Like many people around the world, my workweek is now entirely remote. The adjustment hasn’t been extreme for me, as I’ve worked from home for the past 15-years. However, now that nearly everyone is working remotely, I’m having to accommodate the use a variety of meeting tools.
In preparing for a remote meeting, I recently searched for Microsoft Teams on my computer, as it is not a meeting tool I had previously used. To my delight, one of the first search results under “Team” was a paper written by one of my former students, and current CEO of Active Life Scientific, Peter Burks.
Peter wrote the short essay, to help his peers work more effectively in a small group setting. Given the number of people who are currently collaborating in virtual groups, which can be fraught with social loafing and passive aggressive behavior, Peter’s words of wisdom are very timely.
Peter Burks (left) with Active Life Scientific’s Steven Dorfman, Matt Harris and Alex Proctor
The Bot Becomes The Teacher
Peter was an exceptional PhD candidate. He wrote the team optimization paper for the benefit of future students of my Leadership class, which involved an intense group project. Over eight weeks, the students worked in small groups, running a virtual company and competing against each other in a business simulation. The students also competed against a company run by a bot.
Though Peter did well in the class, he wasn’t satisfied with the results his team achieved in the simulation. Despite taking a rigorous course load to complete his doctorate in Chemistry, Peter asked if he could participate in the class the following quarter and act as the bot.
Peter, not surprisingly, won the simulation the second time around. Week after week, the students marveled at how the “bot” seemed to make all the right moves. Ultimately, the students had a more enriching experience than simply competing with a software program, as Peter shared his insights in a presentation at the end of the quarter, explaining the insights he gained over two quarters of manipulating the simulation.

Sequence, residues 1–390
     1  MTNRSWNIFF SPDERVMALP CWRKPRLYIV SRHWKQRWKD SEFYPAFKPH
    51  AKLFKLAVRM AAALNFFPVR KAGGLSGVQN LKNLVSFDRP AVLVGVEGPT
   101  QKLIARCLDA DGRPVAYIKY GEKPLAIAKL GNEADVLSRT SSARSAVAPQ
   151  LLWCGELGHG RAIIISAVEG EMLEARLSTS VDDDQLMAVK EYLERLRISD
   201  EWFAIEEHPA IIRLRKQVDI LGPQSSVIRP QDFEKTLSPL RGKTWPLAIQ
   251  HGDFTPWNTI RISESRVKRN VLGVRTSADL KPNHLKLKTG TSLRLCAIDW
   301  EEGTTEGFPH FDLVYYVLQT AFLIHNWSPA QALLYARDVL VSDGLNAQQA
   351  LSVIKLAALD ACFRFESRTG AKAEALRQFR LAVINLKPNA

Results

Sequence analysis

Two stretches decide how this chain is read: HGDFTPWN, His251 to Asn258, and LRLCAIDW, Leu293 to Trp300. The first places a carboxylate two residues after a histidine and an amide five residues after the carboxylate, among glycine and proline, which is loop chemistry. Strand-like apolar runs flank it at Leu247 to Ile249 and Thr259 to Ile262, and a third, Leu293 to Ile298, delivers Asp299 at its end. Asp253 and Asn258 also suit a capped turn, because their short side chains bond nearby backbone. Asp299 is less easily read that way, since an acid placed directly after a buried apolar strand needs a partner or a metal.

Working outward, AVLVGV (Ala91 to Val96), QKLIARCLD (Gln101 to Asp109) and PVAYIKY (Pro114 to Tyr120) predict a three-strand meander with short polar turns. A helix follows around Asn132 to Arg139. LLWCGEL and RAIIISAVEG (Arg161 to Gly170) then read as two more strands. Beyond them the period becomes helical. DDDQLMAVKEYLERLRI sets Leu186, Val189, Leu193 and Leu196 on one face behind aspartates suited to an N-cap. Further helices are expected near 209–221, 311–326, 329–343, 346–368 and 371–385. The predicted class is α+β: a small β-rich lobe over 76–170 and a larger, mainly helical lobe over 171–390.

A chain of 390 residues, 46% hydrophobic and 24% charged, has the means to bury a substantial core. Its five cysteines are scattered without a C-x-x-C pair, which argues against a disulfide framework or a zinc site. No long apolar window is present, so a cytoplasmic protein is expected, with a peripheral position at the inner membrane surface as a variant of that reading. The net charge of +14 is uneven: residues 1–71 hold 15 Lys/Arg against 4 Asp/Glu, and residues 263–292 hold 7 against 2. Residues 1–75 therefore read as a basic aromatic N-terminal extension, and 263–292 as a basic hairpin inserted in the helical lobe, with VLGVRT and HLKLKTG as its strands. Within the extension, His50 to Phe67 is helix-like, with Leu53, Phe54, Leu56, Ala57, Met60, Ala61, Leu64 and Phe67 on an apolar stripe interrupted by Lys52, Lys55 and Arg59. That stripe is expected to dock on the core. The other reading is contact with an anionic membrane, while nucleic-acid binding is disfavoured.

Lessons For A Virtual Team
Though Peter’s paper was intended to guide teams which met in person, his advice is even more relevant to virtual teams which can not leverage the inherent advantages of in-person interactions. I’ve excerpted, and lightly edited, Peter’s paper below.
“Life gives you a syllabus, but the hardest assignment is not on it. In the real world you must constantly work in teams, which prove time and time again to be the most critical part of succeeding after graduation. The Technology Management Program (TMP) at UCSB was developed to help bridge the gap between school and the real world, which means the classes usually include team projects. Learning how to work with others successfully is the most difficult aspect of earning at TMP certificate.
Although it may seem simpler to work in a group because there is less work per person, it is a common misconception. Working in a group and working in a group where your performance is measured are two entirely different concepts. When your success depends on those in your group, the intensity level rises tremendously, and the dynamic of the group is more forward and to the point. To prepare yourself for this wild ride, it is important to listen to those who have come before you, because you will NOT be allowed to choose your own group, it will be assigned to you, and it is up to you to make the best of it. Hopefully, my input can help you structure a team bound for success.”
1. Define Cadence
“It may seem difficult to be stern on the first meeting, but it is imperative to establish when and where future meetings will be held and how the group will communicate through the project.
At this point two things generally happen: 1) everyone agrees to a specific time to meet and it is assigned, or 2) it is realized that the group may have to meet in different segments. If the latter is the case, make sure to assign a person the responsibility of communicating between the two sub-groups. By setting a schedule on the first day, it promotes group accountability and sets a serious tone for how future meetings will go, which will help the group get on task faster and therefore accomplish more.”
2. Establish Leadership
“Within the first few meetings, the group should: establish leadership, promote respect, and seek inclusion.